The world around us is being shaken because their hopes lie in unstable things. In the last couple years we have experienced the devastation of a pandemic with thousands becoming sick and thousands more dying. There seems to be no clear solutions and fear, anxiety and even anger have become the average responses. But sadly the reaction of Christians hasn’t been much better. There are those who accuse others of a lack of faith if they have taken precautions. Others are angry at any who haven’t responded just like they have. However, I think the worst response has been from those who have just checked out. Somewhere around 40% of church attendees have dropped out of church. A myriad of reasons for doing so have been given. Mostly it’s been because life has changed and some of the preferences haven’t been possible. Could it be that it’s more a heart condition than anything else? I’m sure that Paul and Silas would have preferred being in a house of worship rather than in the inner prison, but they chose to not allow their circumstances to interfere or interrupt their worship of God. It’s not easy to be consistent with our praise and worship in a ever changing environment. But Paul reminds us that we “can do all things through Christ that strengthens us.
Oh how our world needs to see a picture of a Christian. You see we don’t have to have all the answers. We don’t have to be able to explain why things are as they are. We don’t have to pretend that reality doesn’t exist. Nor do we need to pretend that adversity and difficulties aren’t a challenge to us. But we do need to learn to be content in whatever condition we are in at the moment because we know that the Holy Spirit is leading us and sometimes He leads us into adversity so that the Kingdom of God may become visible to those around us. I’ve discovered in my own life that those who aren’t Christian pay particular attention to me when life is difficult. You see they know how to respond with joy when life’s good but when they see someone who has joy in the midst of adversity it causes them to ask questions. I think that is exactly what happened with Paul and Silas. The jailer was used to incarcerating prisoners. He was used to having them beaten. And he was also used to seeing them respond with anger, cursing, weeping, and complaining. He had never encountered prisoners who could sing at midnight after being beaten and put into stocks. It got his attention.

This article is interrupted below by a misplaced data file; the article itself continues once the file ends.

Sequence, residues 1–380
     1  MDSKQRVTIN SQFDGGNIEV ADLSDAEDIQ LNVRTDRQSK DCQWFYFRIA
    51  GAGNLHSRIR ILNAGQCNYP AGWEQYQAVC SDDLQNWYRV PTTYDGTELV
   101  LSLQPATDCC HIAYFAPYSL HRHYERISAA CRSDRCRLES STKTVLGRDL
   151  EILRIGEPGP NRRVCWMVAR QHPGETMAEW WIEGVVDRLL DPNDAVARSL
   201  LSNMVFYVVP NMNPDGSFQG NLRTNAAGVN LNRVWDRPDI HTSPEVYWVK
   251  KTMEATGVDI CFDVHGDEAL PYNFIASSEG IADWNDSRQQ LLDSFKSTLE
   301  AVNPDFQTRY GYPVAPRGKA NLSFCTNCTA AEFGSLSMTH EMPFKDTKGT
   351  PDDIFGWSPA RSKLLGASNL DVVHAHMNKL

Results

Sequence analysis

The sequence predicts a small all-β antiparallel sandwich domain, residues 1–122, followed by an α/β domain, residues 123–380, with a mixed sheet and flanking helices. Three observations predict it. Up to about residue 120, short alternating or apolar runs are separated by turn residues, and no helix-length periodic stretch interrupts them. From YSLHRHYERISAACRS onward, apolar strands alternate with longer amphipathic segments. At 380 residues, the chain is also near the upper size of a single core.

If there has ever been a time for Christians to decide to be Christian, surely it is now. As the world rocks around us. As people lose hope. As the response to adversity continues to be fear, anxiety, anger, violence, and division, our witness ought to be in keeping with the example of Paul and Silas.
Paul says that our strength to be faithful, to rejoice in every situation, to walk in the peace that passes all understanding comes from being in Christ and knowing that everything He allows, He will use for our benefit and for the blessing of those around us.
I call every believer to examine their heart, their attitude and their commitment to Christ. Are there things that have been allowed to steal our joy and peace? Have we allowed the disruptions of life to disrupt our relationship with Christ and His church? Have we allowed our disappointments and frustrations to draw us away from our faith? Have the distractions- good and bad- been successful in grabbing and keeping our attention?
Let us admit that these are troubling days. Let us acknowledge that we don’t like a lot of what is happening in the world. Let us confess that there are things that are scary and fear and anxiety dog our steps. Let us also acknowledge that there doesn’t seem to be a solution at least short term to these things. So then we must decide how we will respond. Will our response be one of trust and faith, believing that God is at work in the chaos? Will we choose to seek what God wants to do through us even if it’s different than how He has worked through us before? Will we trust that we “can do all (these) things through Christ that strengthens us?
Dr. John Thompson